Charlamagne Tha God is Changing Journalism and Taking Names
Charlamagne Tha God is wary of what he lets cross his mind these days. It’s not what you’d expect from one of mainstream media’s most unabashed entertainers.
“It’s a bit surreal, and it’s a bit scary,” Charlamagne tells PolicyMic about his recent ascent — which includes national syndication for his hip-hop radio show The Breakfast Club and a renewed season of MTV2’s Charlamagne & Friends. “I say it’s scary because I believe your thoughts become things, and I always used to say that I wanted to do a late-night talk show. When you realize that your thoughts become things, you’re terrified of what you let come into your head.”
It’s easy for Charlamagne to think positive right now. Charlamagne & Friends debuted last August as a week-long lead-up to MTV’s Video Music Awards, garnering strong viewership with the help of guest spots from 2 Chainz, Big Sean, Nick Cannon and New York Knicks guard Iman Shumpert. The show’s first full-length season, which kicks off Wednesday with Ride Along stars Ice Cube and Kevin Hart, will undoubtedly be buoyed by the celebrities that stop by, but Charlamagne knows the show’s success rests mostly on his shoulders.
“The best piece of advice I got a long time ago from Wendy Williams and Howard Stern is that if you have to rely on your guests, then you won’t have a show,” he says. “For Charlamagne & Friends, you have to tune in to see me. If you’re not entertained by me, you won’t care who the guest is.”
An unconventional personality with a serpentine broadcast background, Charlamagne grew up worlds away from the MTV office he meets me in near Times Square. Born Lenard McKelvey, Charlamagne was raised in Moncks Corner, a small town in South Carolina, where he and his relatives would find themselves in and out of trouble with the law. After a third spell in jail, Charlamagne cleaned up his act and went to night school, eventually taking an internship with a local radio station.
Charlamagne met Wendy Williams in 2005, and found himself as a regular on VH1’s The Wendy Williams Experience a year later. He worked unpaid for 18 months, only to be laid off in 2008 and weave in and out of unemployment until 2010, when he landed a gig on hip-hop station Power 105.1’s morning show. Today, Charlamagne’s radio show The Breakfast Club is carried around the country, with syndication from Diddy’s nascent Revolt TV network. The program’s interview with Kanye West (in which Charlamagne called West "Kanye Kardashian," among other jabs) landed Charlamagne a profile in The New York Times, and the show has run through guests from Arnold Schwarzenegger to Justin Bieber.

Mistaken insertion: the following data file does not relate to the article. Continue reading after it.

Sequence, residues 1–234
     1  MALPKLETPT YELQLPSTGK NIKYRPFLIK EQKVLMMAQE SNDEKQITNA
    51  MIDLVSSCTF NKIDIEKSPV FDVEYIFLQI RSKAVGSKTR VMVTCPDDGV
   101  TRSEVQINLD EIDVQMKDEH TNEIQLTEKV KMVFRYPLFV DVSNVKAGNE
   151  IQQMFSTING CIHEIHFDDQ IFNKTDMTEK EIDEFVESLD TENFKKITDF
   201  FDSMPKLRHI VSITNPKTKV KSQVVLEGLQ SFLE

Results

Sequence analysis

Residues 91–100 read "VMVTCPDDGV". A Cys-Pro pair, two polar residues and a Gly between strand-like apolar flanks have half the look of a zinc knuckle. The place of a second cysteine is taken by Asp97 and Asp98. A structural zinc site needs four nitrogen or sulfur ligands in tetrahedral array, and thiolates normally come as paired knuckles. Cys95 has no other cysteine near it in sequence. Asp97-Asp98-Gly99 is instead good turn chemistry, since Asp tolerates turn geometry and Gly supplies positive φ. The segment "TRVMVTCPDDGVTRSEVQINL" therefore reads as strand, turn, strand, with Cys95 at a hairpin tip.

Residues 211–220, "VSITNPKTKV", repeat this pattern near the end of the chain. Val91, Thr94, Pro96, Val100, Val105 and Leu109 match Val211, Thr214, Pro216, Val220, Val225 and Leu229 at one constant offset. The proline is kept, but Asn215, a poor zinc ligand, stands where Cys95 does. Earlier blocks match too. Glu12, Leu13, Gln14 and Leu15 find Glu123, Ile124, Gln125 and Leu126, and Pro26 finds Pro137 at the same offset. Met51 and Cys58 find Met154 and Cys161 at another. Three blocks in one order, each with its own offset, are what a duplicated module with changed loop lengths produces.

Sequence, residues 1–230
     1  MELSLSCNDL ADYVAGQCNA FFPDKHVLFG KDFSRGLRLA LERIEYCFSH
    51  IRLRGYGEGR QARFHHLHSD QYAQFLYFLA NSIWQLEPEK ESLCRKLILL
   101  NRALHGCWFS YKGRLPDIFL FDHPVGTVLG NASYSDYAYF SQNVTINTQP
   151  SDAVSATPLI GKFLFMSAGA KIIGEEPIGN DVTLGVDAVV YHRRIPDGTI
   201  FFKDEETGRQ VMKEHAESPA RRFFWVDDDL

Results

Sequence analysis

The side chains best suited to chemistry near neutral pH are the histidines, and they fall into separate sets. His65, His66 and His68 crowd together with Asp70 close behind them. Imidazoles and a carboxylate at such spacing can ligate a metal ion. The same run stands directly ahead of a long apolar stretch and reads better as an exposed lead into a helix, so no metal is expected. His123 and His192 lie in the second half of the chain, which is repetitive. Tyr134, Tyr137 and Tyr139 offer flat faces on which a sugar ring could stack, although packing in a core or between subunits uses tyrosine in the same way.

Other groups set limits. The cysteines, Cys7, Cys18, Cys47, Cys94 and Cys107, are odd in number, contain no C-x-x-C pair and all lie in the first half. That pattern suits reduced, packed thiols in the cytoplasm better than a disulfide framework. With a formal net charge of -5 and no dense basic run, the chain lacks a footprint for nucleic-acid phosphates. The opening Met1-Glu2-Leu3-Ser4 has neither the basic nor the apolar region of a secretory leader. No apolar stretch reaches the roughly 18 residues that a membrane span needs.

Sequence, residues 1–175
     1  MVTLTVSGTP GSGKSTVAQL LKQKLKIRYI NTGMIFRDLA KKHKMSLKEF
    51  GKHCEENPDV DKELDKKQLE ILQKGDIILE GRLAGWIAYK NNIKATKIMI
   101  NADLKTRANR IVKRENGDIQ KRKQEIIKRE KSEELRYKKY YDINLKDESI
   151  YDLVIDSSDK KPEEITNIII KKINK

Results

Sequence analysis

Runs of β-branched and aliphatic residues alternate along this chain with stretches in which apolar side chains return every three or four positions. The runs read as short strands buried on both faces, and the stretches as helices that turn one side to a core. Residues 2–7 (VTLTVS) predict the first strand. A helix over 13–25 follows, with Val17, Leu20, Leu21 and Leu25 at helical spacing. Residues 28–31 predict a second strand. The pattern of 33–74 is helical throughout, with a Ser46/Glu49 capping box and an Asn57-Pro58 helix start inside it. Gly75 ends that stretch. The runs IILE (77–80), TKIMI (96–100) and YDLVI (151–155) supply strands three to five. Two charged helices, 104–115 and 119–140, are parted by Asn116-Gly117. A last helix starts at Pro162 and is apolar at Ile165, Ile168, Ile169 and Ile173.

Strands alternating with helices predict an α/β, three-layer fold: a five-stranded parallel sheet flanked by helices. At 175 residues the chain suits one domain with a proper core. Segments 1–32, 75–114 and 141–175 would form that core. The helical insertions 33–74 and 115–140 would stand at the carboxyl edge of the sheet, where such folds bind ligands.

Despite an extensive radio background, Charlamagne doesn’t fear a crossover career in television. Already a staple on MTV’s Guy Code, he knows the medium is irrelevant for a skilled conversationalist.
“The simple fact is that you have to communicate for both. One thing I pride myself on being is an orator. The easiest thing for me to do is communicate, which is why I like radio and television,” he says. “I know I have some politically incorrect views and potentially dangerous rhetoric, and I know the easiest thing for me to be is me.”
At 33, Charlamagne is right on pace with the legends he studied as an amateur. He’s the same age Arsenio Hall was when he got his late-night show, and he started The Breakfast Club far younger than Petey Green was when he got his first radio break. But a bigger stage and a new audience won’t make Charlamagne genuflect to the softball questions asked by most talk show hosts. The guy that blew up social media by calling out Miley Cyrus for racial appropriation and likened a post-plastic surgery Lil Kim to Jeremy Lin says he will continue to unspool his unapologetic commentary on all things pop culture.
That’s not to say he won’t mature as his career progresses.
“I look forward to the day when I’m in my 40s and I get to walk around in suits,” Charlamagne says. “I’m not going to become less vocal or stop giving my opinion, but there’s always going to be growth and evolution. If I had to show you a model of that evolution, I’d want it to look like Ryan Seacrest, Steve Harvey, Bill O’Reilly, Howard Stern, Wendy Williams. When I’m in my 40s, I want to be doing things like that. I don’t want a hat on backwards with a dyed beard going ‘yo yo yo!’”
A broadcast journalist with traditional candor and millennial sensibility — his Twitter account tallies more than 108 thousand tweets — Charlamagne is poised for a big 2014. Just don’t expect him to take it too seriously.
“I want artists to come on my show, and I want you, the viewer, to get a different perspective of them,” he says. “Take down that curtain of celebrity and get to know them. Find out who enjoys Froot Loops for breakfast.”